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The Story of the American Expeditionary Forces

2nd Division

Pvt. Kenneth N. Rogers, #128602
Btry. "B" 12 th Field Artillery
2nd Division A.E. F. France.

Biographical Sketch

Pvt. Kenneth Norman Rogers

Contributed by His Son Kenneth N. Rogers

Presented the Great War Society

My father, Kenneth Norman Rogers, was born in Troy, New York on Sept.1, 1896. His father was William Eugene Rogers, who was a music teacher at the Troy Conservatory of Music. He also played piano and organ at the silent movies at Proctor's Theatre in Troy. His mother was Sarah Lemmon Rogers, daughter of John Lemmon. (The family name was originally Lamont, or La Mont-"mountain'') That name has been restored as Eugene Lamont Rogers was so named, my older brother, and his second son Richard Lamont Rogers. The family was Huguenot ( Protestant ) French, and left France due to Catholic persecution. They went to England and became Anglicans. They left Birmingham, England in 1854 and settled in Troy. John Lemmon was a carpenter and stone carver. My father told that the name was Anglicized to avoid anti- French sentiment in England.

My father attended Troy Public Schools and Troy High School where he was an athlete in baseball and track. The family lived at 3282 Sixth Ave. (Lansingburgh) Troy. After high school, he was a motion picture operator and worked at the Fritz Hembold Pork Store. He enlisted in the U.S. Army at Fort Ethan Allan (Rutland) Vermont. His basic training was at Fort Meyer, Virginia. On his Army Pay Book, his civilian occupation is listed as Motion Picture Operator.

Here are his awards for his service in the AEF:

Dad's Decorations [Description Below]

Dad also kept a regular diary during his service.

Click Here To Read The Diary

After WW 1, my father was employed at the US Postal Service in New York City at the Railway Mail Service Terminal, Grand Central Station. Eventually, he moved back to Troy and worked at the Albany Terminal of the RMS. For many years he served on mail trains from Albany to Montreal, Canada and later from Albany to Binghamton, NY where he bought a saxophone. He became the Chief Clerk in Charge at the Albany hub until his sudden death in Troy on Armistice day, November 11,1954 of a heart attack. (He had a heart attack in 1945, on the day of the death of President Franklin Delano Roosevelt, and probably another in July, 1953. At the time of his death, I was in the Navy, stationed in Yokohama, Japan having just completed a long assignment in Pusan, Korea. I was able to get home for his burial. He was very proud of his Army service. He often listened to a radio program. "The Army Hour", and was very active in veterans' activities, such as the American Legion, Disabled American Veterans, The Veterans of Foreign Wars, and The Military Order of the Purple Heart. He was President of the Troy, New York Chapter of MOPH. He received the Purple Heart Medal in 1934. It is numbered #621 Thus it is documented that he was the 621st person to have received that decoration since the Revolutionary War.

My mother, Marguerite Anne McAuliffe was born on January 12, 1896, in New Baltimore, NY, on the west side of the Hudson River, about 16 miles south of Albany. She had one sister and several brothers, all now deceased. She died on Halloween Day, 1945. They are buried in Oakwood Cemetery, in Troy.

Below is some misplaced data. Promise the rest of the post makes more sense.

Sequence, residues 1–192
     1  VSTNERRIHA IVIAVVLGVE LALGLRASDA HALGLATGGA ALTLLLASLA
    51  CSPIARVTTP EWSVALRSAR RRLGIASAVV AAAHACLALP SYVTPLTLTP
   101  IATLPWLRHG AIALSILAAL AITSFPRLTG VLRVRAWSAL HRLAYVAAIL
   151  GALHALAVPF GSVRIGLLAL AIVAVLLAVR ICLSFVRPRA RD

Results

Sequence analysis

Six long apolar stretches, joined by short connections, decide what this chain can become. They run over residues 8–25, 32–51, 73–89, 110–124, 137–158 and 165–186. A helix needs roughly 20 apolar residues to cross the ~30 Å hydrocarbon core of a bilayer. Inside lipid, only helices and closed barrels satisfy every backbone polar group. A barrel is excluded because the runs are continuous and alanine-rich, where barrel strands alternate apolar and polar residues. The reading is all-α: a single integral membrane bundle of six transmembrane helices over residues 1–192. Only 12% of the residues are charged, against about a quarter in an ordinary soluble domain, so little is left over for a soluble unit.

Two Views of My Father from the War

My parents first lived at # 2 Thomas Street in south Troy. Early in their marriage, they bought a home at 1220 Jacob Street in the Beman Park Section of Troy. Of that marriage were born Eugene Lamont Rogers on August 4, 1926 and Kenneth Jr. on October 21, 1931. Eugene died January 16, 1993.

Both sons attended Public School 17 on Hutton St. through the sixth grade. That school was demolished in 1968. Eugene "Skippy" attended Public School 14, for the 7th and 8th grades.

My Fathers Decorations

  • 1st. row: Purple Heart engraved with his name and number 621, World War 1 Victory Medal with battle clasps: Aisne, Aisne Marne, St. Mihiel, Meuse Argonne, & Defensive Sector: Army of Occupation (Germany); New York State Conspicuous Service Cross engraved with his name and number 6552, New York State World War 1 Medal; City of Troy, New York, World War 1 Medal

  • 2nd. row: Croix de Guerre, with bronze palm (France), Medaille de St. Mihiel number 2992 (France), Verdun Medal (France), World War 1 Victory Medal (France) Order of the Compassionate Heart (Tsarist Russia), Chateau Thierry Medal (France), British World War 1 Victory Medal

  • 3rd. row: Veterans of Foreign Wars, American Legion, Disabled American Veterans miniatures of six in rows 1 & 2 above

  • 4th. row: miniatures of the three veterans' organizations in 3rd. row, above, his cloth Indian Head insignia of the US Second Division, City of Dijon (France) Medal

  • Along top and sides is the French Criox de Guerre fouragiere with metal insignia of the United States Army Second Division and the 12th Field Artillery. On the right are lapel pins: six of Masonic organizations, the Purple Heart and the Railway Mail Service.

  • On lower right is a photo of the Kenneth Norman Rogers in uniform, and his metal identification discs "dog" tags. On lower left is a clipping from the "Troy Record" newspaper stating that Kenneth Rogers is the first person from Troy, New York to receive the Purple Heart medal, "…for wounds and meritorious service…"

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